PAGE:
• Jerky movements
  • Inability to eat or drink
  • Muscle weakness
  • Slurred speech
  • Blurry or double vision
  • Seizures
  • Unconsciousness

Is Non-Diabetic Hypoglycemia Dangerous?

Yes, it can lead to dangerous side effects. You should alert the people who you spend time with about your condition so they know what to do in an emergency and when to call 911. You can also wear a medical alert bracelet that notifies others of your condition.

How Is Non-Diabetic Hypoglycemia Treated?

Treatment will vary depending on the cause of your hypoglycemia:

  • If you are experiencing these symptoms and suspect they could be related to your medications, reach out to your healthcare provider to see if an adjustment is needed.
  • If you suspect your hypoglycemia is due to an underlying illness, reach out to your healthcare provider for treatment options for your specific condition.
  • If you believe your symptoms are from poor food intake, try consuming complex carbohydrates, such as whole grains and beans, more consistently to maintain normal blood sugar levels.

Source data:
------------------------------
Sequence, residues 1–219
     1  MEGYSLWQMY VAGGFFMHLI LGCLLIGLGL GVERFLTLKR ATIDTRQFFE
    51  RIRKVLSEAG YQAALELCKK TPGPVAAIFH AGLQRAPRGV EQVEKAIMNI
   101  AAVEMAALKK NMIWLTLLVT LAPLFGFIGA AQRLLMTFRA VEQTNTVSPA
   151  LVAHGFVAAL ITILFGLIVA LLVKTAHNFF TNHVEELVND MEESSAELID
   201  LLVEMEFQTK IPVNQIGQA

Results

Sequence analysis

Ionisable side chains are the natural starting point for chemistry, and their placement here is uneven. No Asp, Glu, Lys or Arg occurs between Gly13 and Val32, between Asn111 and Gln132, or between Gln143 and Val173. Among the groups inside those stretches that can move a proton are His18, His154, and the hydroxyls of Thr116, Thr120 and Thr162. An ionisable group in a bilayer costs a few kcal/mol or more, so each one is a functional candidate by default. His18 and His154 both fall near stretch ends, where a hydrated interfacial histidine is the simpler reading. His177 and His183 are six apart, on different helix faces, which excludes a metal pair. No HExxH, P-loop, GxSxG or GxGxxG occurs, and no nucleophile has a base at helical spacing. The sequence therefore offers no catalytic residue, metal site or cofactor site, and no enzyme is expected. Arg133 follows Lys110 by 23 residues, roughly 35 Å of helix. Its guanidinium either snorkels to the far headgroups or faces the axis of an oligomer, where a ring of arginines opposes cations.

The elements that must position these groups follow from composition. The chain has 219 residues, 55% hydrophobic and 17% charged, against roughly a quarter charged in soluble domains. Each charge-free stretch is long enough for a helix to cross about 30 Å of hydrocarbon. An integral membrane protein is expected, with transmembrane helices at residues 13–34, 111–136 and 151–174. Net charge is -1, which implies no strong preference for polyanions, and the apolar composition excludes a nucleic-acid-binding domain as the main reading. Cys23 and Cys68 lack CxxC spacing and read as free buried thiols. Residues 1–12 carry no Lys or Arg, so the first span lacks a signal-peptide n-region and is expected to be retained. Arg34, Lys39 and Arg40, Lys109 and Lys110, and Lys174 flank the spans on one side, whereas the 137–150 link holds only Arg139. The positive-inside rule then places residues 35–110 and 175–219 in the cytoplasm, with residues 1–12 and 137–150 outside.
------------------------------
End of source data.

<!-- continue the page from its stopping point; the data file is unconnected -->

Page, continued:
• Eating every three hours and choosing balanced meals with fiber and protein can help prevent blood sugar highs and lows. To raise low blood sugar quickly, a 15-gram serving of carbohydrates through hard candy, dried fruit, or juice can be a short-term solution.
  • Doing an intense workout on an empty stomach can produce hypoglycemia that’s easy to fix. In this case, you can treat hypoglycemia at home with a sports drink or snack, and no further medical help is needed.
  • In severe cases, you may need to use glucagon, a prescription medication that is either inhaled through the nose or injected. Be sure those you spend the most time with know how to administer your medication and/or know when to get you emergency care.

Prevention

To help prevent non-diabetic hypoglycemia:

  • Speak with your healthcare provider about potential underlying conditions or medications that may be causing your hypoglycemia.
  • Be sure to eat meals regularly.
  • Carry snacks with you when you leave your house.
  • Try to incorporate complex carbs consistently into your diet.

A Word From Verywell

Non-diabetic hypoglycemia is usually a symptom of another health problem or lifestyle imbalance that should be addressed. Paying attention to how your body feels and communicating with your healthcare professional will help ensure that your body is able to work properly.

12 Sources
Verywell Health uses only high-quality sources, including peer-reviewed studies, to support the facts within our articles. Read our editorial process to learn more about how we fact-check and keep our content accurate, reliable, and trustworthy.
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By Anastasia Climan, RDN, CD-N
Anastasia, RDN, CD-N, is a writer and award-winning healthy lifestyle coach who specializes in transforming complex medical concepts into accessible health content.